Swinford, Dean- Death Metal Epic I: The Inverted Katabasis (Book Review)

Reviewed: March 2020
Released: 2013, Publisher: Atlatl Press
Rating: 4/5
Reviewer: JP

The vast majority, (99% or higher)  of publications about Heavy Metal are non-fiction.  So when a Metal themed fiction piece is published it always catches my eye.  In this case the publication in question is the Death Metal Epic trilogy. I intended to review all of them individually.

Dean Swinford is an American professor of English who resides in North Carolina. He is a life-long Metal fan and has tried his hand at writing a Metal themed fiction piece.   Printed and presented by Atlatl Press the first part of the series was written in 2013. The book itself is a standard paperback with eye-catching cover art and just a few black and white images smattered across the pages.  At a compact 146 pages it is a quick, easy read.

THE INVERTED KATABASIS is part one of the trilogy.  In case the word katabasis is not familiar to you (I had to look it up too) it means roughly, a descent.  Therefore an inverted katabasis would be a rising up.  It is a clever title not only for the play on Black Metal inverting things like crucifixes and such, but also because this tale is one of the rise of a young man and his life’s journey. The abbreviated plot synopsis is the story of a young man, in his early 20’s living in Florida, playing in a mostly dead-end band, working at a dead-end job, recently dumped by his girl and not too much potential.  By chance he meets another musician, his muse in a sense, and they collaborate musically on a project which helps give me a glimmer of hope, a new record and a short tour of Europe. He grabs the brass ring and our two troubadours head to Europe.   While in Europe, in a rash and spontaneous decision he decides to abandon his return ticket and the return to his old life and stay and immerse himself in the Metal underground of Europe, specifically Belgium.  From there he meets a cast of characters and becomes further entrenched in the underground and eventually joining a band.  This is where Part I leaves us.  Part II, GOAT SONG SACRIFICE, was published in 2017 and I have reviewed that title as well.

I find reviewing non-fiction is so much easier because I don’t have to worry about giving away important plot-points, or spoilers as the hip kids like to say, and it is hard to be critical of prose and a story. There are professional critics who are far more experienced than I who can shred (or elevate) a book with a pithy phrase and quick, dry wit.  I am not that critic, nor would I want to be.  Suffice it to say I really enjoyed reading THE INVERTED KATABASIS. Was it high quality writing?  I thought so but that is pretty subjective. It flowed well, was free of errors  and kept me engaged and interested in the characters.  I was pleasantly surprised when it was slowly revealed that it was not a story about some lowly Metal dude getting possessed by some evil force in exchange for supernatural rock-star guitar powers.  That clichéd story has been done in print and in film.  At the end of the book there was a sense of a cliffhanger, but not a blunt one, just a feeling of the story moving to the next phase which made we want to read and enjoy Part II.   In addition there were a number of longer dream-like sequences with atmospheric explorations of the occult, mysticism, nightmares and metaphysical concepts.  These sections are interspersed with the main story and add a nice dark metallic sheen over the book,  possibly some slightly ominous foreshadowing.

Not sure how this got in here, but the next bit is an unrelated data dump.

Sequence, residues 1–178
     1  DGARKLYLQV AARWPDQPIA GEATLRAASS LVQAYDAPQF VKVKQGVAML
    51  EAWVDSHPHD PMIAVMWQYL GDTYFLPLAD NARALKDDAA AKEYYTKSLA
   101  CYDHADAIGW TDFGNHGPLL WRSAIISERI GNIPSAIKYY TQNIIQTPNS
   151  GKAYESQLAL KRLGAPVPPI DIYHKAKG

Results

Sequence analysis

It has been a long time since I’ve read any fiction, my reading is almost exclusively non-fiction Metal related stuff, it was a refreshing change of pace. The book was utterly loaded with Metal references. Jam packed.  A phrase, a lyric, a passing nod to a band name, some album art…and those are the ones that are not overtly mentioned!  Swinford obviously knows his stuff. The book is totally immersed in Metal culture and not in a cartoony or condescending way.  There are many, many clever little moments that Metal fans will appreciate.

If I had one criticism of the character, and a minor one at that, is that Fosberg (see what I mean by the Metal references?) does not seem to actually LISTEN to Metal very often or behave like a Metalhead.  He plays in a band, wears Cannibal Corpse shits, travels, goes to concerts, but never seems to have tapes or CD’s or a Discman (it was set in the mid-90’s) constantly plugged in.   He doesn’t seem to spend all of his money on music, seek out rarities, spend hours visiting record stores, buy magazines, the normal behaviour of the vast majority of Metal people. It is almost as if he is a bit aloof or detached from listening to music, the driving force behind the entire concept of the book.  Aside from that, the characters are not your common Metal clichés of dumb stoners or simply party people, but are portrayed in a far more realistic fashion, for better and worse, and I appreciated that.  He worries about money, tries to get laid, probably drinks a bit too much, drifts a bit aimlessly, has good days and bad days, but also tries to improve himself in small bursts, and generally tries to be a good person, you know…like many people in life.

THE INVERTED KATABASIS was very enjoyable story. It is a simple story without crazy hooks or plot-twists but one where I wanted to know how the journey of this young Metallion was going to turn out. I’m looking forward to Part II and III!

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